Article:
Addressing Polluted Runoff

The greatest source of water pollution in our region today is not factories or other industrial processes but the daily activities of ordinary residents: pesticides and fertilizers we spread on our lawns, petroleum and antifreeze that spill from our cars, leaks from failing septic systems and broken sewer pipes, waste from our pets, soap from washing our cars, road salt we spread on our driveways and sidewalks and other forms of “people pollution”.

How We’re Working with Towns to Address Flooding & Polluted Runoff:

muddy water flowing out of a stormwater outfall

With funding support from the Geraldine R. Dodge Foundation, the Watershed works with towns to adopt local environmental measures. Municipal stormwater ordinances require steps be taken to mitigate the stormwater impacts of new developments and redevelopments. Stream corridor ordinances prevent new development and clearing of native vegetation near streams that filters pollutants and slows the pace of runoff. Tree protection ordinances prevent the widescale clearing of trees, which perform a natural stormwater mitigation function.

With funding support from the New Jersey Department of Environmental Protection, the Watershed is working in 16 central New Jersey towns to identify areas with large expanses of asphalt or concrete that can be reduced and/or retrofitted with strategies to capture polluted runoff, filter it with vegetation or other means, and allow it to percolate into the ground. Supplementing our towns’ existing infrastructure with a new kind of “green infrastructure” can help reduce pollution and flooding and improve the condition of our groundwater aquifers.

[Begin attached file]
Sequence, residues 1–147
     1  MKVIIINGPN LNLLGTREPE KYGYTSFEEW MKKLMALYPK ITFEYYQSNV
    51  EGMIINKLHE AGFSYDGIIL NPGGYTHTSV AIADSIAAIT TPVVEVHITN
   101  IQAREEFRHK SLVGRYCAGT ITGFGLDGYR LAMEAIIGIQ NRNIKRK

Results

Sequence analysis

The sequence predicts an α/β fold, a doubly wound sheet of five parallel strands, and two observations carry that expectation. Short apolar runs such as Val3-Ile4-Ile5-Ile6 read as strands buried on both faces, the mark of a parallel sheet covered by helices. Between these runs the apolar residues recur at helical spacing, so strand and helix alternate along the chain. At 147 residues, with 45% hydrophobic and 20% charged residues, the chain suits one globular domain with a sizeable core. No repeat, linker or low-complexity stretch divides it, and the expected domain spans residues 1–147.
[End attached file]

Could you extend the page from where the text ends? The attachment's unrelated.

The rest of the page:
We work with the state legislature and state agencies to strengthen key environmental laws and regulations, including those implementing the clean water act, the flood hazard protection act and freshwater wetlands protection act. We fight against efforts to weaken these critical programs. We are also strong advocates for the state’s Green Acres program, which preserves key watershed lands, and Blue Acres program, which purchase flood prone properties.

The Watershed Institute is compiling a map of recurrent flooding in the Stony Brook-Millstone and central Delaware watersheds. This information will help us work with local officials and advocate for better stormwater management.

Does flooding regularly close roads in your neighborhood? If so, help us understand the problem by dropping a pin and uploading a photo using our interactive flood mapping tool.

Additionally, our River-Friendly program works one-on-one with residents, businesses, golf courses, and schools to improve land stewardship practices. Voluntary actions by individuals and institutions help to reduce pollution and prevent runoff at home and where you work. “River-Friendly” participants work to manage stormwater on their properties to reduce polluted runoff while sharing information, education resources, and best practices.

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